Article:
Yes, after months of careful planning and preparation (well, maybe not so careful), I am finally running my Web site on O'Reilly's WebSite on a Compaq (donated directly from them, thanks fellas!) running NT. It feels something of a denouement, but you might notice that you can now search the entire site (or at least, that portion of the site that I've indexed).
The server is located near the World Trade Center in downtown NYC, running on Sohonet's network. Sohonet is a small ISP that does just web hosting, and just on NT. My thanks to David Goodman, Bob Matsuoka, and others for their assistance in getting this all done. You can thank them too by taking a look at my sponsors page.
Why did it take me so long to get up and running on NT? Well mainly because Unix offers so much, and to replace it completely (which is what I intend to do eventually), I have to do more than just bring up a web server. There is the email part of the equation, handling my domain name, and dealing with the mailing list program that sends this out, just to name a few things. After all that, managing the web piece is actually pretty simple. And before you fire off a letter telling me of your favorite NT program, realize that under Unix, it is all part and parcel of the base OS.
I spent the better part of last week at a new test lab run by an old ex-Novell friend, Jan Newman. Jan and I (along with Barry Gerber, now back at UCLA) were instrumental in doing the first "topology shootout" for PC Week back in September 1989 comparing Ethernet, Token Ring, and Arcnet performance. (Ethernet won, but because of better network drivers.) Now Jan has his own 200-node network which has all sorts of automation tools and smart people called KeyLabs. We were using it to test various web servers for an upcoming article in c|net's on-line magazine. While I can't tell you the results, I can tell you that they were surprising. If you want more information on the labs, drop a short note to Jan.
Speaking of benchmarks, I've been collecting links to various places around the net that report on comparing the performance of various web servers. While some of them are very self-serving (Vendor X pays for tests that show that X's server is the fastest...), some are worth taking a look. I'll have more to say when the piece runs on c|net's site at the end of April.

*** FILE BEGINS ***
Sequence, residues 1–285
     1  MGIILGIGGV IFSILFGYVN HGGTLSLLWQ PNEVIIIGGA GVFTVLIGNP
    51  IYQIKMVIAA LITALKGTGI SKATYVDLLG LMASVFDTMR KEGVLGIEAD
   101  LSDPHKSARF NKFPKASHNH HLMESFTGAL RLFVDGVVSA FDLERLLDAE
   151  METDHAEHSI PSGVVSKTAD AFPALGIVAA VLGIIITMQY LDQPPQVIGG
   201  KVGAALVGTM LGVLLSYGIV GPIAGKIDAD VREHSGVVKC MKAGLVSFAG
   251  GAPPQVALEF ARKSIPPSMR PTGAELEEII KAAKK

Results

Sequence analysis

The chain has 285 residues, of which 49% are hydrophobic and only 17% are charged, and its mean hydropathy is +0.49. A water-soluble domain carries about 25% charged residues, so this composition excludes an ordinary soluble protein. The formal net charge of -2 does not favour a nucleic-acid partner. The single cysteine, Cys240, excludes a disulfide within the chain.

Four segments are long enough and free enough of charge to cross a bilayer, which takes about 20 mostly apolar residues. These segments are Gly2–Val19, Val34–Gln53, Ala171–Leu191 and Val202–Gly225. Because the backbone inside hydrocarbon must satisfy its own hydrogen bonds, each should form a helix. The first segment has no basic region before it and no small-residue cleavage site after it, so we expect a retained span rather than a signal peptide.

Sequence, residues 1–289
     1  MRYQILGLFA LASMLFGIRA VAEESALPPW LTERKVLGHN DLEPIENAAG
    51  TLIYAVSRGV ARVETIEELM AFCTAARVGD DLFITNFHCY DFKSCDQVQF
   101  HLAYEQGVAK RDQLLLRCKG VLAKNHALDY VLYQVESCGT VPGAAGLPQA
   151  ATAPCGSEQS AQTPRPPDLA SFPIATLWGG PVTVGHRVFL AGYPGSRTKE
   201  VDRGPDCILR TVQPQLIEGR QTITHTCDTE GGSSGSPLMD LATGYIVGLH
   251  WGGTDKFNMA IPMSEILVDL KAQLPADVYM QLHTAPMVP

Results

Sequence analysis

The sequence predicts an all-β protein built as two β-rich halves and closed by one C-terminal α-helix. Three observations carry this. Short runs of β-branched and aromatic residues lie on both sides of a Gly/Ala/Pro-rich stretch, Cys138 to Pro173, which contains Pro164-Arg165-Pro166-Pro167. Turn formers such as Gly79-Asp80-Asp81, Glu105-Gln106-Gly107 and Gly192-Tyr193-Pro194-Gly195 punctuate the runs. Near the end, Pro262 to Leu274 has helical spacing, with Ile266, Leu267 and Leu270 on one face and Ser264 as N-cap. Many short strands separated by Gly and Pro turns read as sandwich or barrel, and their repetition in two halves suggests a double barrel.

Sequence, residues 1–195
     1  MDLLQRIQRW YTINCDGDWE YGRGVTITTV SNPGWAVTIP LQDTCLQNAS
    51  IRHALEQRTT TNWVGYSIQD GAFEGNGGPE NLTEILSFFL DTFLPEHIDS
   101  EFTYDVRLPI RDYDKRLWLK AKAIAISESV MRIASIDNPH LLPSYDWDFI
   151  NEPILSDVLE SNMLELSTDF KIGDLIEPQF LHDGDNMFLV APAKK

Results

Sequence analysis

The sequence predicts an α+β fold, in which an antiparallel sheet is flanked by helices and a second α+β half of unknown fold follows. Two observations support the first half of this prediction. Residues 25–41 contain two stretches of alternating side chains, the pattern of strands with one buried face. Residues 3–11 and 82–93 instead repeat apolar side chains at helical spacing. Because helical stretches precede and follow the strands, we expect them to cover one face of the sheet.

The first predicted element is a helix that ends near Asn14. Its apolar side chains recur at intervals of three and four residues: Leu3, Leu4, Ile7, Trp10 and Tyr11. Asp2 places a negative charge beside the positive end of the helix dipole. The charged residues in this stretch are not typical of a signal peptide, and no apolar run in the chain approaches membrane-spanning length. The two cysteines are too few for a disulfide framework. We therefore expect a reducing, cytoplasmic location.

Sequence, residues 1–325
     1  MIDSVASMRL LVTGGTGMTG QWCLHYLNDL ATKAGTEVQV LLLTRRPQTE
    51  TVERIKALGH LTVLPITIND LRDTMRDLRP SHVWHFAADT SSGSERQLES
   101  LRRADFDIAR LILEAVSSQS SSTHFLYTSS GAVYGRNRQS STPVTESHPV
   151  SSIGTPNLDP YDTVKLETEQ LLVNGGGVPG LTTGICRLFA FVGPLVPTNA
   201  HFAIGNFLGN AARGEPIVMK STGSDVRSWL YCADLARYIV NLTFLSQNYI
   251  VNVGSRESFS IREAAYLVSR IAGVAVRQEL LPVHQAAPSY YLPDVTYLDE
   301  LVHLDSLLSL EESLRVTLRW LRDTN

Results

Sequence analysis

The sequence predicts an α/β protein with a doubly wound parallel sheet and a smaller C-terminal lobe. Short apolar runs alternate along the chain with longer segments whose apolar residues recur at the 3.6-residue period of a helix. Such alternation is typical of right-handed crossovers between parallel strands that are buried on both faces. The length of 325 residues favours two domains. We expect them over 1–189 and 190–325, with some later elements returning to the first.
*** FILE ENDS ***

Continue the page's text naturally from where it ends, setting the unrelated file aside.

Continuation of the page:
I wanted to let you know about a new service that I have begun to offer my consulting clients: executive speaker training seminars. Being a frequent speaker myself, I've decided to put together an intensive one-day off-site workshop (with follow-up time) that involves video taping and analyzing up to six of your executives with the goal to improve their delivery and content. I've teamed together with Nancy Hickok, who has trained her share of public speakers (as well as doing plenty of her own speaking) and has the video production background to complement my technical one. Drop me a note and I'll send you more information if you are interested in this service.
Dirk's missive on the changing distribution model between Netscape and Microsoft that ran in Web Informant #17 caught the attention of Mary Morris, noted author and long-time webmeister. You can read their exchange of comments at this link.
And always, I've been busy writing various articles:
A new article in Forbes ASAP magazine on how to manage a Web site once it is up and running. Given that I wrote this about three months ago, it is amazingly current and worth reading.
A short article in Home PC magazine on some lessons learned from putting computers in our schools, drawing heavily on my experiences with the Port Washington district. The link above is a somewhat longer piece than what was published in their April issue.
And, while I can't be sure, I hope to see several reviews that I wrote for Infoworld in next week's Interop issue.
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